PICKS are stories from many sources, selected by our editors or recommended by our readers because they are important, surprising, troubling, enlightening, inspiring, or amusing. They appear on our site and in our daily newsletter. Please send suggested articles, videos, podcasts, etc. to picks@whowhatwhy.org.

Battery-Powered Trains Are Picking Up Speed (Maria)

The author writes, “Battery-electric power is commonplace in cars and trucks and is being tested in planes, helicopters, and container ships. Now, battery power is coming to trains, in place of the diesel-fueled generators that have powered locomotives for more than a century. Last week, Union Pacific Railroad agreed to buy 20 battery-electric freight locomotives from Wabtec and Progress Rail. The deal, which drew praise from President Biden, is worth more than $100 million. … Battery-electric locomotives have already begun rolling on California tracks.”

The Pro-Trump Case for Rejecting the Big Lie (Reader Jim)

The author writes, “Days before Donald Trump told a crowd of supporters in Conroe, Texas, that ‘the 2020 election was rigged and everyone knows it,’ Weston Wamp, who voted for Trump, appeared in the third episode of his video series, ‘Truthtellers.’ ‘You know, a lot of people still have unanswered questions about the 2020 election,’ he says at the start of the episode, titled ‘Off the Rails.’ According to a number of recent polls, eighty percent of Republicans still don’t believe that Joe Biden won the election. Wamp, who is thirty-four and talks with the unhurried cadences of southeast Tennessee, where he grew up and still lives, is not among them; he’s on a mission to convince others on the right that the Big Lie is a big lie.”

Sharp Growth in Georgia Voters Alters Landscape for 2022 Elections (Reader Steve)

From The Atlanta Journal-Constitution: “The last election for Georgia governor was close. Rapid growth in the electorate since then could make this year’s races even more competitive. As the 2022 election year ramps up, a recent list of Georgia’s registered voters shows how the state has changed. The number of registered voters has jumped 11% since four years ago. Most new voters are under 35 and live in metro areas. They’re more racially diverse, with substantial increases of Hispanic and Asian voters.”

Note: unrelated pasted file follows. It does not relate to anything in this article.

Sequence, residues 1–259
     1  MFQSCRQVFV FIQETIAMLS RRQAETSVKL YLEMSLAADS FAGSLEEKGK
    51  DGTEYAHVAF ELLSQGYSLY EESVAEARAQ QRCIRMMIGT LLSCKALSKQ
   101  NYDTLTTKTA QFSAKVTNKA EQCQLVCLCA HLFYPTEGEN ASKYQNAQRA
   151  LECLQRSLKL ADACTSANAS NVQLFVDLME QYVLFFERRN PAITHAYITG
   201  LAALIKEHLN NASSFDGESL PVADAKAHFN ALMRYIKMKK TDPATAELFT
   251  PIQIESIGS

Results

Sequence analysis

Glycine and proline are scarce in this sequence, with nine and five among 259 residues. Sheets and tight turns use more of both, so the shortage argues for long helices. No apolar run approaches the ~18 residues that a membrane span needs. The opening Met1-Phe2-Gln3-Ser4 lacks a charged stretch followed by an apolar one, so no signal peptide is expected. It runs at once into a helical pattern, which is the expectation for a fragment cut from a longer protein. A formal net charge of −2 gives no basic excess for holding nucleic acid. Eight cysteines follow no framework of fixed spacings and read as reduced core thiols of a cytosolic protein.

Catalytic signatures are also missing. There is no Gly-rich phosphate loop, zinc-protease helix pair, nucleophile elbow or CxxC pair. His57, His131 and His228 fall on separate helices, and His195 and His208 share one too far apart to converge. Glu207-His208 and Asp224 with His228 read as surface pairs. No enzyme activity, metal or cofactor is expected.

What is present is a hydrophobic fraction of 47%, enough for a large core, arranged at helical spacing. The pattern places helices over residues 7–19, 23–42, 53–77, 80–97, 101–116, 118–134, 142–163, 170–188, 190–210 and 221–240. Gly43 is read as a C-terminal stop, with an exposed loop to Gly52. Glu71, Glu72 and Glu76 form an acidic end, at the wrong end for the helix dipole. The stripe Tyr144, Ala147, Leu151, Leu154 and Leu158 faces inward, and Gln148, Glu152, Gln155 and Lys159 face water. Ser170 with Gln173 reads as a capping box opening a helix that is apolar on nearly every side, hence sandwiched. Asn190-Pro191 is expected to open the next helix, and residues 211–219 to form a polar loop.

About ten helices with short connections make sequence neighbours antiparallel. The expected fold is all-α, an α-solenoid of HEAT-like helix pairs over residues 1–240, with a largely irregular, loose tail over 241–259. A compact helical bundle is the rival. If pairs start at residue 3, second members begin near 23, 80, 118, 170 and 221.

Inflation and Price-Gouging (DonkeyHotey)

From The American Prospect: “The Prospect’s special issue on the supply chain debacle should demolish the fable that the current inflation reflects too much stimulus. As we report, most supply and price pressure is the delayed result of deregulation and concentration of the global logistics system combined with far too much offshoring. It took only a crisis like COVID to expose the system’s fragility. Want more evidence? Have a look at Europe. Inflation in the EU, which has nothing like the stimulus program of the U.S., clocked in at 5 percent for 2021, the highest in decades. This statistic understates Europe’s true consumer inflation because Germany, the EU’s largest economy, cut value-added taxes for six months in July 2021, lowering net prices to consumers. Without that cut, the increase in consumer prices would have been even higher.”

PODCAST: The Texas Power Grid Fares Better in 2022’s Winter Storm (Dan)

From The Texas Tribune: “In this week’s episode … how Texas held up during the wintry weather, plus the struggles of the National Guard during Gov. Greg Abbott’s Operation Lone Star.”

Decision Fatigue Is Real. Here’s How to Beat It This Year. (Sean)

The author writes, “Worn out from nearly two years of the pandemic, many of us are paralyzed when it comes to major life choices and quotidian decisions alike. Whether it’s leaving a job, booking that flight or letting your kid go to a birthday party, the rules and risks keep shifting. All the options seem fraught. … An American Psychological Association survey conducted last year found that nearly one-third of adults — and nearly half of millennials — are struggling with basic decisions, like what to eat or wear. About half say planning for the future feels impossible, thanks to the pandemic.”

Olympic Press Can Grab High-Tech Naps (Dana)

The author writes, “With nowhere really to go, journalists inside the Beijing Olympics bubble are encouraged to sleep on the job. They can’t visit the village rooms where competitors are staying, but they can try out the high-tech beds athletes are sleeping in. Several corridors at the main media center are lined with ‘sleep rest cabins,’ small pods that open with a QR code and contain beds. The beds can be adjusted by remote control and even have a ‘zero-gravity mode’ meant to reduce stress on the body — you don’t quite float, but it’s pretty comfortable.”